# How does \path, and the like, parse its argument?

I'm really curious whether someone would care to take the time to explain how to create macros which work similar to some of the macros in the pgf/TiKz bundle.

What I'm particularly interested in is how to create a command that works as

\<csname> <content> [bare word directive] <more content>;


To make clear what I mean, I'm referring to how \path and \draw (among others) are parsed and can contain bare word commands such as node and edge as illustrated below:

\documentclass{article}
\usepackage{tikz}
\usetikzlibrary{calc}
\begin{document}

\begin{tikzpicture}
\path[blue] node (B) at (0,3) {CORNER} edge [->] (0,0) edge [->] (2,4);
\draw  (0,0) -- (2,4) node [midway] {HELLO} edge [->] (B);
\draw  (2,4) -- (4,2) edge [->] (B)         node [midway] {HELLO} ;
\end{tikzpicture}

\end{document}


What I'm not interested in is how node knows what to work with or how edge knows where to draw to and from.

Instead, what I'm curious is how does LaTeX wind up seeing the bare word node as, essentially, a further command, and likewise with edge. So this is a question about parsing arguments and interpreting the content of those arguments.

I've dug through quite a bit of the tikz.code.tex and other files trying to figure out how this parsing is achieved, but I very quickly get lost in the code.

I can't even get something so simple as the following to work:

\documentclass{article}
\makeatletter

\newcommand\hello{Hello World!}
\newcommand\ciao{ciao?}
\newcommand\secretmessage{\ae@message}
\def\ae@message(#1)#2;{%%
\def\ae@continue{}%%
\hspace{1em}\emph{#1}%%
\expandafter\ifx\expandafter\relax\detokenize\expandafter{#2}\relax
\else
\def\ae@continue{\ae@parse #2 ;}%%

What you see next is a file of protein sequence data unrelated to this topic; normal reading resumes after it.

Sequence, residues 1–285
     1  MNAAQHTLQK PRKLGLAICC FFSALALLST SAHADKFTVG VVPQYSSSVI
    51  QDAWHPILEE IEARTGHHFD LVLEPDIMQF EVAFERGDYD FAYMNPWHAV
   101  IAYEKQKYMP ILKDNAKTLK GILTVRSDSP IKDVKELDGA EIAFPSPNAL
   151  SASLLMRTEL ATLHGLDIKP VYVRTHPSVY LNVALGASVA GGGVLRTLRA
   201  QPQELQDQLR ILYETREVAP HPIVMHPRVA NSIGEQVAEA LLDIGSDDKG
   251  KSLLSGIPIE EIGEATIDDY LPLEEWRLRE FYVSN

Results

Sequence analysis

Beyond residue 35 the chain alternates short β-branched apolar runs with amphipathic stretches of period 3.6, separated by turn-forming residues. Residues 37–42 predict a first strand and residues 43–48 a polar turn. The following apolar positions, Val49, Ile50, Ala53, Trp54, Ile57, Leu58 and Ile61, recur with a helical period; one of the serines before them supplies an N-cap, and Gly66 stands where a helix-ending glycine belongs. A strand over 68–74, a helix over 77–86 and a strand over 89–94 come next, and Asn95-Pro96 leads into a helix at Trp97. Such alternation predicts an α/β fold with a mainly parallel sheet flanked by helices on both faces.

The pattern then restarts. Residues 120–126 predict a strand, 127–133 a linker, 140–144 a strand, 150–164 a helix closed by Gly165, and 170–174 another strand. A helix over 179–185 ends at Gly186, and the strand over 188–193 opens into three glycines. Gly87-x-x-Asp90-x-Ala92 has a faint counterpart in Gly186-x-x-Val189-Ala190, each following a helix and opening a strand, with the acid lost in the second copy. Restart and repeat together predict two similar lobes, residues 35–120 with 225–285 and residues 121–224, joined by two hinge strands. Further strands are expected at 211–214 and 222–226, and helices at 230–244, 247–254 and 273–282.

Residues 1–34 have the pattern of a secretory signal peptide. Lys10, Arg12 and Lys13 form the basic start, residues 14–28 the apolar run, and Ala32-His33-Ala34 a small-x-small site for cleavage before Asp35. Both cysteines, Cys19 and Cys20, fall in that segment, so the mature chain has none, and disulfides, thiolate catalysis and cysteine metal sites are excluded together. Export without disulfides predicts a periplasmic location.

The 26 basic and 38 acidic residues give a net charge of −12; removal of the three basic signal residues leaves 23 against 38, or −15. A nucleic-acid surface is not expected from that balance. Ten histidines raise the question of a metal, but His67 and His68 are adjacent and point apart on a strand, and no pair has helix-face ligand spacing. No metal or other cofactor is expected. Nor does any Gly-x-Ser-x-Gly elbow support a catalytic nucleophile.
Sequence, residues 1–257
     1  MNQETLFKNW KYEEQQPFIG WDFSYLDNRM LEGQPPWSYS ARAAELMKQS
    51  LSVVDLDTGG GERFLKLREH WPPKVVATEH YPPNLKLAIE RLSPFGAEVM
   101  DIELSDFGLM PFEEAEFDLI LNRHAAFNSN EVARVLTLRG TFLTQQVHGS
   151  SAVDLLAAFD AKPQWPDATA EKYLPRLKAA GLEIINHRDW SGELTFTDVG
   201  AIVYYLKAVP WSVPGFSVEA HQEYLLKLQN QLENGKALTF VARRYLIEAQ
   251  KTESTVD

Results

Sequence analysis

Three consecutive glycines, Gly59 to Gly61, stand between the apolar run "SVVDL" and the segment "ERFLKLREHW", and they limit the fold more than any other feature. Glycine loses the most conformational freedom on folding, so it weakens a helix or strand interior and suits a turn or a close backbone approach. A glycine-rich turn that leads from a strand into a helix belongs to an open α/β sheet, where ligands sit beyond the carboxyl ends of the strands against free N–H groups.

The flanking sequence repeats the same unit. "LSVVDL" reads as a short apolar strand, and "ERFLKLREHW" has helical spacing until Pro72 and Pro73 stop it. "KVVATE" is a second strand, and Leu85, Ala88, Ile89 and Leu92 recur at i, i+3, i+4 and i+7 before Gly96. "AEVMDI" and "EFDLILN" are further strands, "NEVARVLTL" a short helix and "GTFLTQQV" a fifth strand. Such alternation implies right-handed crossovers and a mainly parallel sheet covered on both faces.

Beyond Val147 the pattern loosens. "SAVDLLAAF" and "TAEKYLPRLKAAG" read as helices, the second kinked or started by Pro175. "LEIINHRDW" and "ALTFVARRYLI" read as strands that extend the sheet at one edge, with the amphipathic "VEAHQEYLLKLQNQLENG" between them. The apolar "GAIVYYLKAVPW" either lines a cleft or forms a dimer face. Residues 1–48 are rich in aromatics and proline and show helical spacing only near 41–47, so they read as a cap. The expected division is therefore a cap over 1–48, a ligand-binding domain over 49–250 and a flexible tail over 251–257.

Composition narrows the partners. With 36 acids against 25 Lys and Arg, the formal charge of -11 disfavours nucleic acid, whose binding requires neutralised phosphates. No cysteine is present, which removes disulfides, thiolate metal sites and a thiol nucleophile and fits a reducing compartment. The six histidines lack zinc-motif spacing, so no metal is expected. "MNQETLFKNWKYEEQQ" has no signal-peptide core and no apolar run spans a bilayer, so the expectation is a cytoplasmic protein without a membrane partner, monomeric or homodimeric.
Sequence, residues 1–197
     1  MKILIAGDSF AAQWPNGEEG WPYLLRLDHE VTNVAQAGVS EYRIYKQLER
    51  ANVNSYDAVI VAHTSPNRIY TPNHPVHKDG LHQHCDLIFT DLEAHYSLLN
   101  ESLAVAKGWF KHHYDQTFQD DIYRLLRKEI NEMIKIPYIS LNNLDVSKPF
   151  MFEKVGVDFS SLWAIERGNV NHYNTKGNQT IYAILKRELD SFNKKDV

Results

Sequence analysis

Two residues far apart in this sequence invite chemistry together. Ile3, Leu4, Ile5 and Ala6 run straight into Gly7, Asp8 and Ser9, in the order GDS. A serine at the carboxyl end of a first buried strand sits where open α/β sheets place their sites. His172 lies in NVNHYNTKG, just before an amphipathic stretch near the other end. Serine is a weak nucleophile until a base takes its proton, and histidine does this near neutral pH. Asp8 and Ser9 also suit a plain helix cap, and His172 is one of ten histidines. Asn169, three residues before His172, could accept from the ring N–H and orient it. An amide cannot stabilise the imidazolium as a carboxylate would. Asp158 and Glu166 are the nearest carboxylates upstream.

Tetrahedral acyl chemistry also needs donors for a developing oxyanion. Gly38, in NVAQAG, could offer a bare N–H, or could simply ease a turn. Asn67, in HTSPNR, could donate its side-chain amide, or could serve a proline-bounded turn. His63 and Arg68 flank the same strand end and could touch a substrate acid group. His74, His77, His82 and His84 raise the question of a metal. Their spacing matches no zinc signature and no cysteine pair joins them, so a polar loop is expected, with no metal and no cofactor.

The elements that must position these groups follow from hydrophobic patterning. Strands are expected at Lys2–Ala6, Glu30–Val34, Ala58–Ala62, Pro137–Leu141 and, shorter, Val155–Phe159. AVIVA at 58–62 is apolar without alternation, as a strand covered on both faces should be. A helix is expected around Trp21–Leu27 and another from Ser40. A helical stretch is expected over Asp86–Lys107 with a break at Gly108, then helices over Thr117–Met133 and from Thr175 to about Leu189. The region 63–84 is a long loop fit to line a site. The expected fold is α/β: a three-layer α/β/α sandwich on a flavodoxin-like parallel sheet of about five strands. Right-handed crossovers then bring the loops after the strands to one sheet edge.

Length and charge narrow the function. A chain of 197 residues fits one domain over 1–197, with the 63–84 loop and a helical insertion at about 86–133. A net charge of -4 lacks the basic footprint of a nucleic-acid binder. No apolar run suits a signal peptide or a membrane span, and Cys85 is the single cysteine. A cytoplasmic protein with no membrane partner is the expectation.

\fi
\ae@continue
\def\ae@continue{}%%
}
\def\ae@parse#1 ;{\typeout{===>"#1"}\csname#1\endcsname}
\def\ae@trim#1{\ignorespaces#1\unskip}

\makeatother
\setlength\parskip{2ex}
\setlength\parindent{0pt}
\begin{document}

\secretmessage(This is my message.);

\secretmessage(This is my message.) hello;

\secretmessage(This is my message.) ciao;

\secretmessage(This is my message.);

The above should have been interpreted as equivalent to:

\secretmessage(This is my message.);

\secretmessage(This is my message.); \hello

\secretmessage(This is my message.); \ciao

\secretmessage(This is my message.);

\end{document}


I can't begin to figure out how to get the spaces out of the above without creating horrible cludges like

 \csname\space hello\endcsname


Though I would really like to be able to do something more complicated like:

\secretmessage(This is my message.) hello ciao;


which should effectively be interpreted to

\secretmessage(This is my message.); \hello\space \ciao


Though I strongly suspect that without the aid of further arguments to either hello or ciao such adjacent bare word directives are unlikely to get parsed correctly without an extreme amount of work.

• You can watch the parsing in slow motion by adding \tracingmacros=1 and looking in the log file. The key is using delimited arguments. Also, \path wants just to transform the code up to ; into lower level instructions and spaces are mostly discarded. – egreg Jul 8 '14 at 20:35
• Some brief introduction I gave some time ago tex.stackexchange.com/a/120443/3235 – percusse Jul 8 '14 at 20:39